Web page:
Venture debt in its current form has been around for more than 20 years, but few startups and founders know that it exists or that it can help supercharge their company’s growth.
Venture Debt Explained
Venture debt consists of loans made to venture-backed startups that have reached a growth or expansion stage. These loans are typically made to Series B through Series D companies that are producing revenue and can service debt payments. Typically, a loan is made three to six months after a company has completed its equity raise and is designed to provide growth capital for founders to develop new products, enter new markets, expand their marketing and so on. Venture debt can be a cheaper, minimally dilutive alternative to equity financing.
In fact, the biggest differentiator between venture debt and venture equity is that venture debt is a lot less dilutive; equity dilution occurs when a firm’s owners sell shares in their company to raise capital. Venture loans are typically three to four years in maturity. The lender also gets some equity upside in the company through warrants worth 5 to 10 percent of the debt. Even with this equity upside, the financing package is much less dilutive, and much less expensive for founders, than a straight equity raise.
Venture Debt’s History
Venture debt originally was used by early-stage companies lacking the cash flow or hard assets, such as property and equipment, to qualify for traditional bank loans. To this day, venture debt focuses on this underserved segment of the market and is provided by only a handful of banks and non-bank lenders.
The biggest publicly traded venture lenders are Silicon Valley Bank and Hercules Growth Capital. However, a number of private venture-debt providers, including Western Technology Investment and ORIX Growth Capital, have long track records of success, as do innovative new entrants to the market such as Applied Real Intelligence’s Venture Debt Opportunities Fund.
Collectively, venture lenders provide approximately 10 percent of the total venture funding in the United States each year, representing more than $30 billion annually in 2020 and 2021.
Venture Debt Benefits
Venture debt offers many benefits for startups. It accelerates growth and expansion, extends the runway between equity rounds (or exit) and is much cheaper than equity financing. It is also much faster to obtain, taking only four to six weeks to complete a debt raise, versus six to 12 months for an equity raise.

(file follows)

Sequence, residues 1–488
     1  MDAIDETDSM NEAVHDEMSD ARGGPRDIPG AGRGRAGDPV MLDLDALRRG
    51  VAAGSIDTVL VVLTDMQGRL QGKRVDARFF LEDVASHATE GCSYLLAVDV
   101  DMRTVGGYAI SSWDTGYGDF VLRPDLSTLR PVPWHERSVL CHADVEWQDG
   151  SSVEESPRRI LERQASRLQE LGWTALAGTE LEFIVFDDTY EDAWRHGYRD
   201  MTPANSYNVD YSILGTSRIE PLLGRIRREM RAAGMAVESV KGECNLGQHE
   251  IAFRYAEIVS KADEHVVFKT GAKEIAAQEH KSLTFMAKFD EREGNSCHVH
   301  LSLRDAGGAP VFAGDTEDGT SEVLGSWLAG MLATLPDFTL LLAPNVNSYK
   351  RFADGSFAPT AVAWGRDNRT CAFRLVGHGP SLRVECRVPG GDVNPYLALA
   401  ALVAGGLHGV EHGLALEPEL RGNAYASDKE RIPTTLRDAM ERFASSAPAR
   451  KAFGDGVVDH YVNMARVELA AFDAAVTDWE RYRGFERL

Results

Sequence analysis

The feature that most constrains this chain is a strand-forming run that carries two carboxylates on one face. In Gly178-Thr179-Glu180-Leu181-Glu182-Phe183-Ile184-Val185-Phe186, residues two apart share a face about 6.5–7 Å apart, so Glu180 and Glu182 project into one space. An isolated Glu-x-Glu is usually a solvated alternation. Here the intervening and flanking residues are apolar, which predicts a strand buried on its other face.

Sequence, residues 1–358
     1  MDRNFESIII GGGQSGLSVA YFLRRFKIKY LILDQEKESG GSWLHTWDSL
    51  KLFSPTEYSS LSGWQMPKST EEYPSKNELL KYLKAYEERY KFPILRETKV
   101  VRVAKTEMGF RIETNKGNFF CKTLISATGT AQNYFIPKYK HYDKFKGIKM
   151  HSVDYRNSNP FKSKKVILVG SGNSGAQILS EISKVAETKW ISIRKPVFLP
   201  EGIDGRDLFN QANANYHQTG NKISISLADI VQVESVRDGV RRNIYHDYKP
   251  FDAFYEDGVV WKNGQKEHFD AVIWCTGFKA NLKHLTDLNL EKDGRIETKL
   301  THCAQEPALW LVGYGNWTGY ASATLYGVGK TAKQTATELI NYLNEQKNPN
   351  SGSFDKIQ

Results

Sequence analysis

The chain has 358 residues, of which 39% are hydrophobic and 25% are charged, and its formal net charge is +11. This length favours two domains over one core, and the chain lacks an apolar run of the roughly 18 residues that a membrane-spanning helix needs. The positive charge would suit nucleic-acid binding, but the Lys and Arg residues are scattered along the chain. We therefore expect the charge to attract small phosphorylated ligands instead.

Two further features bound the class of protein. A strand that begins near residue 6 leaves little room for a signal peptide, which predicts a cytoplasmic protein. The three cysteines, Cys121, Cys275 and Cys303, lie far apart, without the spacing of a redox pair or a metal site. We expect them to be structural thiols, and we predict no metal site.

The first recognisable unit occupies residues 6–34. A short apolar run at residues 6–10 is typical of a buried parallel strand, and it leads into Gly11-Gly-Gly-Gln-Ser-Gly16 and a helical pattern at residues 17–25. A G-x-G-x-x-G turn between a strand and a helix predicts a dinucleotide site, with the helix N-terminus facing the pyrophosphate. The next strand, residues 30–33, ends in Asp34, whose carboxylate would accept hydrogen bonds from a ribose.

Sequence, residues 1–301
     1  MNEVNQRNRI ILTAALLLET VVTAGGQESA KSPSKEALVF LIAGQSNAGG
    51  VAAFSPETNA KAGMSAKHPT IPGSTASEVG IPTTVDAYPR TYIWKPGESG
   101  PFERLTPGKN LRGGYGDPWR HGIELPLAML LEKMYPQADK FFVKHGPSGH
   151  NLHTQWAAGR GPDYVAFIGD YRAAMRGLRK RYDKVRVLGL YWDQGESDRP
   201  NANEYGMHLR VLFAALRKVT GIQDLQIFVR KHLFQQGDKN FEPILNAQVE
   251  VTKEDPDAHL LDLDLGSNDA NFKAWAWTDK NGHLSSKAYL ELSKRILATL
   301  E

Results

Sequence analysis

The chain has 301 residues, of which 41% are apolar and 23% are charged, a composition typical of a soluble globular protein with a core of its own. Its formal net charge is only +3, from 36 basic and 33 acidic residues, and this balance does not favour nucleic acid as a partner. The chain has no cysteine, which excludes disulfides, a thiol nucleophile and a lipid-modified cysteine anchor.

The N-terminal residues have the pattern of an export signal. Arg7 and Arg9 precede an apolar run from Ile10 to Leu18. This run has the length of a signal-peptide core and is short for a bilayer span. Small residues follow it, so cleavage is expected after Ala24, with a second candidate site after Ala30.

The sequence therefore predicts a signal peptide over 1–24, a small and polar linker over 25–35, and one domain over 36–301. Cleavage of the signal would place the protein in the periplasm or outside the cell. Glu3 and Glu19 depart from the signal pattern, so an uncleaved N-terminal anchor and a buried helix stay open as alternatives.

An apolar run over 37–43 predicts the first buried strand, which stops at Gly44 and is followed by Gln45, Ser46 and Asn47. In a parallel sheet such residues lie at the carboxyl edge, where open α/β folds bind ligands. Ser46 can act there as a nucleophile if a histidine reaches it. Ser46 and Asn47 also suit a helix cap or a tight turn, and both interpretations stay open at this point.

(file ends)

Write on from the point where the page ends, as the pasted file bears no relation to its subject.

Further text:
Startups operate in what might be called dog years, where important events occur in weeks and months. Compare this to mature companies, where milestones are achieved over years or sometimes decades. Getting extra growth capital quickly can make a huge difference for a startup when it matters most.
Venture Debt Risks
On the flip side, venture debt should only be used by companies that have the cash flow to service the debt. Companies typically need to generate revenue of at least $10 million per year, and oftentimes multiples of this amount, to qualify for a loan. Companies without the revenue to support interest payments and repayment of the loan when it comes due are not good candidates for venture debt.
Borrowing money before a company is mature enough to effectively service the debt is risky for both borrower and lender. If the borrower cannot make its interest payments, the loan would default, and the lender could then seize the company’s assets to repay the loan. There’s a time and a place for venture debt and it’s typically when a company has reached significant revenue and has a clear vision for how additional funds will help accelerate the company’s growth.
How Venture Debt Can Help Diverse Founders
While venture debt is a great resource for startups, it has not historically been accessible to the majority of the population. Most venture funding has been concentrated in only a few regions, including Silicon Valley, New York City and Boston, and sectors such as software and life sciences.
Furthermore, less than 3 percent of venture capital goes to women and other underrepresented groups, among them people of color and veterans, which make up more than 70 percent of the U.S. population. Applied Real Intelligence is working to change this by creating more efficient access to capital for underserved regions, sectors and founders.
Our mission is to produce great risk adjusted returns for our investors while democratizing access to funding for founders. Ultimately, we seek to identify founders who are building great companies but have a hard time raising capital.
By providing more efficient access to capital for underserved regions, sectors and founders, we not only will create significant returns for our investors but will also improve equality and economic growth. We will make more money for our investors because we will have differentiated deal flow into great companies that others cannot access.
The Future of Venture Debt
Given the proliferation of early-stage companies entering the market, venture debt will continue to grow in visibility and usage. The barriers to entry to building a successful startup, including low costs to launch and run a business, continue to fall.
Meanwhile, the continued inflow of human capital, including a growing number of talented graduates from the world’s leading universities, will fuel the innovation economy’s growth. In the years ahead, more early-stage companies will be successfully launched and require financing, thereby increasing the demand for capital.
Founders are becoming increasingly aware of venture debt’s many benefits, particularly the minimal ownership dilution. At Applied Real Intelligence our motto is “You Built It. A.R.I. Helps You Keep It.” This means that founders who use venture debt will keep a larger percentage of their companies as they grow.